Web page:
A debate was started a few years ago at my office whereby folks were talking about which team is the worst team in baseball? My office, based in Baltimore, MD, was of course, littered with Orioles' fans - fans that were fed up with the team not just losing every year, but finishing last or next to last over the past several seasons. The debate spawned into a pool whereby each person (out of 10) would draft a team. At the end of the season, the person with the combination of teams that accumulated the fewest number of wins, won. This draft has gone on for about 5 years now, and that black and orange team still remains the top pick. Being a Yankee fan at the time sure made me smile to listen to the debate.
I did not grow up in Baltimore - I grew up Atlanta (how I became a Yankee fan is another story). However, the way the Yanks ousted Joe Torre and did not hire Don Mattingly as his successor left a sour taste in my mouth. Feeling that the Yankees management turned their back on me, I too, turned my back on them. Since the end of the 2007 season, I abandoned my 24-year loyalty to the pinstripers and chose another American League team to root for (my favorite National League team is the Chicago Cubs - why not the Braves?, well, that's another story).
However, rooting for the Orioles has not been easy. They typically start out the season strong, and usually pack it in come August. The fans here are generally good people, and filling the stadium (which is one of the nicest I have ever been too) on a weekend is rarely a problem.
Entering the 2010 season, the sentiment around Charm City is pretty much the same regarding the Orioles' potential - there are zero expectations - or even hope for that matter - of the team making the post-season - let alone winning the division. Right now, folks will be happy with not finishing last - maybe even winning 80 games.
This sentiment is very similar to how folks in Atlanta felt about their baseball club back in the late 1980's and very early 1990's. The Atlanta Braves were also mired in a long slump of finishing last - and folks around town would have proclaimed it a successful season should the team finish higher than last place. They even had a bumper sticker made: "Go Braves...and take the Falcons with you". Alanta's professional sports were lack-luster at best, with only their basketball team (Hawks) showing any type of winning success (mostly because half of the NBA teams make the playoffs). Come 1991, the Atlanta sports faithful finally got a taste of success with the surprising emergence of the Braves (and Falcons too, for some reason - perhaps Deion Sanders was the common denominator). The Braves proved that the miracle season was no fluke, and ensued upon a string of 14 consecutive post-season appearances.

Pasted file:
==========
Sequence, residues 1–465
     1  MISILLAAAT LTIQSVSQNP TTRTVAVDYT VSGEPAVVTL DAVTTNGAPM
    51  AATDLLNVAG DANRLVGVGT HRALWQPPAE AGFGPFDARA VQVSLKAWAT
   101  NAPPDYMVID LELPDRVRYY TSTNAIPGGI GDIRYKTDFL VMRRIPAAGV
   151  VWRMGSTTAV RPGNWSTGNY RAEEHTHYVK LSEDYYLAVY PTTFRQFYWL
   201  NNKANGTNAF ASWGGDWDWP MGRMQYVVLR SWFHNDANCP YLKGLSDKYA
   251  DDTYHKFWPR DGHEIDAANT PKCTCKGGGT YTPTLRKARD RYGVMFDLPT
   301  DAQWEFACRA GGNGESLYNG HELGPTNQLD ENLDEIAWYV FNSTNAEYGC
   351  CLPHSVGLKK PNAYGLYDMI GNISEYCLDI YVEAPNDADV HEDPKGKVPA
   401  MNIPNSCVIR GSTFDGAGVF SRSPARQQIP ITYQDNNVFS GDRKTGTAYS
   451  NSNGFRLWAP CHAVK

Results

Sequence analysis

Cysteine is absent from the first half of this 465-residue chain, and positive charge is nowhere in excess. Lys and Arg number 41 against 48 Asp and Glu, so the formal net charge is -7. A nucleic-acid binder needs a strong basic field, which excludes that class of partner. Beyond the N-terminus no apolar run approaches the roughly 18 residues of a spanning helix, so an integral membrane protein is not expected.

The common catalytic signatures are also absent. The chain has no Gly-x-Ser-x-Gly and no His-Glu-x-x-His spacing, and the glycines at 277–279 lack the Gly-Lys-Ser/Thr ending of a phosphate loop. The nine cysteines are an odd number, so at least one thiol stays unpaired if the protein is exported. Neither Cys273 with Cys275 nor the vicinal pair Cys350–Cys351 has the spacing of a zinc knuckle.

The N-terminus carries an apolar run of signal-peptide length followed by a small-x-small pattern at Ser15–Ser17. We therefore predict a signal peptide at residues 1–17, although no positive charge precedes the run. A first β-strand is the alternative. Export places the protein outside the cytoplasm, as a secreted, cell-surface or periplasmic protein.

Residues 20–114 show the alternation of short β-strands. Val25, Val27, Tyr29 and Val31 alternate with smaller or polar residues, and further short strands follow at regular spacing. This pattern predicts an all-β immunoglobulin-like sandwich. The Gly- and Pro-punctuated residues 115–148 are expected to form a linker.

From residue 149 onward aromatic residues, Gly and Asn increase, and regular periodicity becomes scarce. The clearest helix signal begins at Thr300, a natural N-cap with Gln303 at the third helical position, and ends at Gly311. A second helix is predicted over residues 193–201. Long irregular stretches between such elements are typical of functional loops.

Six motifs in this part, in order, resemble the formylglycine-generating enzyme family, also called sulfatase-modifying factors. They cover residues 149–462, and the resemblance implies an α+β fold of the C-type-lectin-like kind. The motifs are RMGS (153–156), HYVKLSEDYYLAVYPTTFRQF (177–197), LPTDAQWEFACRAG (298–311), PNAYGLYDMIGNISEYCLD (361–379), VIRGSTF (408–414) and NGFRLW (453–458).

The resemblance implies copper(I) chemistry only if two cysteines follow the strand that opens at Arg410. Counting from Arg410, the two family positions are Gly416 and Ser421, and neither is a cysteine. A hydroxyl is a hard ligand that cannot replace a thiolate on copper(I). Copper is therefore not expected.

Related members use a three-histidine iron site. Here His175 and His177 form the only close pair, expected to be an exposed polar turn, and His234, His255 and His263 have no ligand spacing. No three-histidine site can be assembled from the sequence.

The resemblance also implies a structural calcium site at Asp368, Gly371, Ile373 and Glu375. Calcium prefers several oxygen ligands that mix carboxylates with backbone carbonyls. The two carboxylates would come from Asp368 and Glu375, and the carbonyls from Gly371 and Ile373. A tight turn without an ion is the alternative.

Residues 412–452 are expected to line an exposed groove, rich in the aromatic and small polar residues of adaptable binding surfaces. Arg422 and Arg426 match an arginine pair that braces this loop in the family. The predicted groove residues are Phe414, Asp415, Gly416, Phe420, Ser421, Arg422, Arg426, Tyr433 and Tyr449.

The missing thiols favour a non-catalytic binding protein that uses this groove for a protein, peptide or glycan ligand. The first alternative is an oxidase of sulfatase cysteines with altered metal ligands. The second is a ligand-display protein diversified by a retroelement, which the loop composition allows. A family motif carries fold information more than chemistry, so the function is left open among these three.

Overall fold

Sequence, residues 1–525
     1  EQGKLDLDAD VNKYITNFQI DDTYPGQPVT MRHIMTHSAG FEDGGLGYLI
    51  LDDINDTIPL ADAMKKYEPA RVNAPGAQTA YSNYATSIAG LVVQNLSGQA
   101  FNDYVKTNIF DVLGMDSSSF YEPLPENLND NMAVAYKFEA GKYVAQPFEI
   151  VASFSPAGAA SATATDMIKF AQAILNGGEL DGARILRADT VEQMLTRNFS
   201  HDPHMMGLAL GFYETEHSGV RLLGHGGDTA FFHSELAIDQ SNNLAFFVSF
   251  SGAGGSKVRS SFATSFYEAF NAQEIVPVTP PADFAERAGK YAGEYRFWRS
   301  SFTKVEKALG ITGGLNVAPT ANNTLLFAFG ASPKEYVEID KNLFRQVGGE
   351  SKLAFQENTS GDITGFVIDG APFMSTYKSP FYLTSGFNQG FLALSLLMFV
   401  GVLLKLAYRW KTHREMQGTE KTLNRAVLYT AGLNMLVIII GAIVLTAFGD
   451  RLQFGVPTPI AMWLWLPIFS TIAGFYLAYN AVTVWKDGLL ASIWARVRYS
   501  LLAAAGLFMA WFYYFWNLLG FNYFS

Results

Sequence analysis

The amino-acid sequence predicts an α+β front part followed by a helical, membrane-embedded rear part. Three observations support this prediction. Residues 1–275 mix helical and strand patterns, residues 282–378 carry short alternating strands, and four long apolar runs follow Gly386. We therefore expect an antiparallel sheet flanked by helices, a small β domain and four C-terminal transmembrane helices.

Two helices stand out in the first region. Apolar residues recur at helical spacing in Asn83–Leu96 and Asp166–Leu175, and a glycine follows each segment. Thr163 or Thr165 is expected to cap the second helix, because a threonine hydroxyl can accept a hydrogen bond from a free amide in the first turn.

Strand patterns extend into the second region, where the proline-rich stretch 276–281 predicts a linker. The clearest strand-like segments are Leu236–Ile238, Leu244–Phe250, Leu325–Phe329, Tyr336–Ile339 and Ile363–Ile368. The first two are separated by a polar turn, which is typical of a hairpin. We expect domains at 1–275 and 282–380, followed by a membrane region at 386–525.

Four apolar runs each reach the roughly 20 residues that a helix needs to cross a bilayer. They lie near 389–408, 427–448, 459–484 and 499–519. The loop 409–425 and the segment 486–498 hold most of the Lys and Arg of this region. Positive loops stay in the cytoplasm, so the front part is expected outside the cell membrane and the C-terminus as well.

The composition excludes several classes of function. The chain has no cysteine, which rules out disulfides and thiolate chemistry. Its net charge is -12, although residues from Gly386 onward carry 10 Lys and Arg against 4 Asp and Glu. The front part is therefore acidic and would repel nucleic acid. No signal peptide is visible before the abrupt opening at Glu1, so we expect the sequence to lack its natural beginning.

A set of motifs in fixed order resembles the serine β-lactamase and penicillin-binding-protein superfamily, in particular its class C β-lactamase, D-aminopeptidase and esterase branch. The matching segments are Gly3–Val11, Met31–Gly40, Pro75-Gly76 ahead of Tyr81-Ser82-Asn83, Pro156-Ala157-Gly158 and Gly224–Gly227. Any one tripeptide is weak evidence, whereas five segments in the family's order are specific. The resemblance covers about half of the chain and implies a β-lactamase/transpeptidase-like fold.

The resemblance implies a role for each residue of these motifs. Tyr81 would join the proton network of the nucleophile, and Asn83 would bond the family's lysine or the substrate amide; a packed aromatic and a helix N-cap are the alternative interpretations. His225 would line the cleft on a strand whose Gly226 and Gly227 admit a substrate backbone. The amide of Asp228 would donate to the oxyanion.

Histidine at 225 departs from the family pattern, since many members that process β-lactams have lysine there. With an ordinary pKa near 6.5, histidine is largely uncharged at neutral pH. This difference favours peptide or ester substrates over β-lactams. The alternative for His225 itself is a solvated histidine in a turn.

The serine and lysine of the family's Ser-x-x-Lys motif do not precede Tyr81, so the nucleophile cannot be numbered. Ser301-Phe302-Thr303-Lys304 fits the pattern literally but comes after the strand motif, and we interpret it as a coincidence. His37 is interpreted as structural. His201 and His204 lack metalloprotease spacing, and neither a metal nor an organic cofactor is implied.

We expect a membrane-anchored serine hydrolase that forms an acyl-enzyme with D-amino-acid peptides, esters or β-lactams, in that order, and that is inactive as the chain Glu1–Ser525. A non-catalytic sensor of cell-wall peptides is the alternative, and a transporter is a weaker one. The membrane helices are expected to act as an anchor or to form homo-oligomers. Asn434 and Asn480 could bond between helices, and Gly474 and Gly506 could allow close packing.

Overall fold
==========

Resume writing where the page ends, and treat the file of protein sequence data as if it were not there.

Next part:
Another city that is almost parrallel to Atlanta in terms of sports success at the time was Cleveland. That city has not had a professional sports champion since the baseball team (Indians) won the World Series in 1948. However, the Indians were on a path to success as well.
Every other team in baseball has made the post-season this century, save for the Toronto Blue Jays, Kansas City Royals, Washington Nationals, Cincinnati Reds, and Pittsburgh Pirates (of those teams, only Baltimore and Pittsburgh failed to win at least 80 games). Well, at least the Oriole faithful can hang their hat on one thing - that they will still not be the team with the longest post-season drought - currently held by the Nationals at 27 years). Even each of the four most recent expansion teams (two in 1993 and 2 more in 1998) have made played well into October.
How did they do it, you ask? Most will say that money is a huge factor. The Minnesota Twins and New York Mets both disprove the notion that spending will lead to victory. The formula for success starts with the right General Manager, and the ability to acquire (either via draft or trade or free agency) the right players to win. The second part of the equation is developing the young talent - this is mostly attributable to their minor league systems and the manager. The final component is luck - getting the right players at the right time to have breakout seasons is like catching lightning in a bottle.
Similarly, the Orioles have been drafting the right people, but have been unable to develop such talent until recently. The General Manager was able to sign some veteran players, however, the outlook looks grim for the Birds. The formula for long-endured success appears to be a combination of young prospects with a sprinkling of veteran leadership. The veterans need not be superstar all-stars, only players that have a proven track record based on a steady commitment to the game.
So, which team do you think will be the worst this season?